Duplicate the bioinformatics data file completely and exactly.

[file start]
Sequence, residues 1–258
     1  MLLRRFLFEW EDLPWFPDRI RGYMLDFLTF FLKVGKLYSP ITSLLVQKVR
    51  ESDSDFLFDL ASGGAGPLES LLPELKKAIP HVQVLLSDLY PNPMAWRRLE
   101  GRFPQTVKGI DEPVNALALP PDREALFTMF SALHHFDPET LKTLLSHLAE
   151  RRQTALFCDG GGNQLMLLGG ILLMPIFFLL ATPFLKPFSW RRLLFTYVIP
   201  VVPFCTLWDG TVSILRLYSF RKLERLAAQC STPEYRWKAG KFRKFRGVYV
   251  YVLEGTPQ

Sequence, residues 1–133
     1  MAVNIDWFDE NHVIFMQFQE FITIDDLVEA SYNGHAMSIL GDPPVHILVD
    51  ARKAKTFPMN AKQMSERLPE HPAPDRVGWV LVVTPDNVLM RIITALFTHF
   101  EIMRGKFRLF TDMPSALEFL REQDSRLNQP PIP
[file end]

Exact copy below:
Sequence, residues 1–258
     1  MLLRRFLFEW EDLPWFPDRI RGYMLDFLTF FLKVGKLYSP ITSLLVQKVR
    51  ESDSDFLFDL ASGGAGPLES LLPELKKAIP HVQVLLSDLY PNPMAWRRLE
   101  GRFPQTVKGI DEPVNALALP PDREALFTMF SALHHFDPET LKTLLSHLAE
   151  RRQTALFCDG GGNQLMLLGG ILLMPIFFLL ATPFLKPFSW RRLLFTYVIP
   201  VVPFCTLWDG TVSILRLYSF RKLERLAAQC STPEYRWKAG KFRKFRGVYV
   251  YVLEGTPQ

Sequence, residues 1–133
     1  MAVNIDWFDE NHVIFMQFQE FITIDDLVEA SYNGHAMSIL GDPPVHILVD
    51  ARKAKTFPMN AKQMSERLPE HPAPDRVGWV LVVTPDNVLM RIITALFTHF
   101  EIMRGKFRLF TDMPSALEFL REQDSRLNQP PIP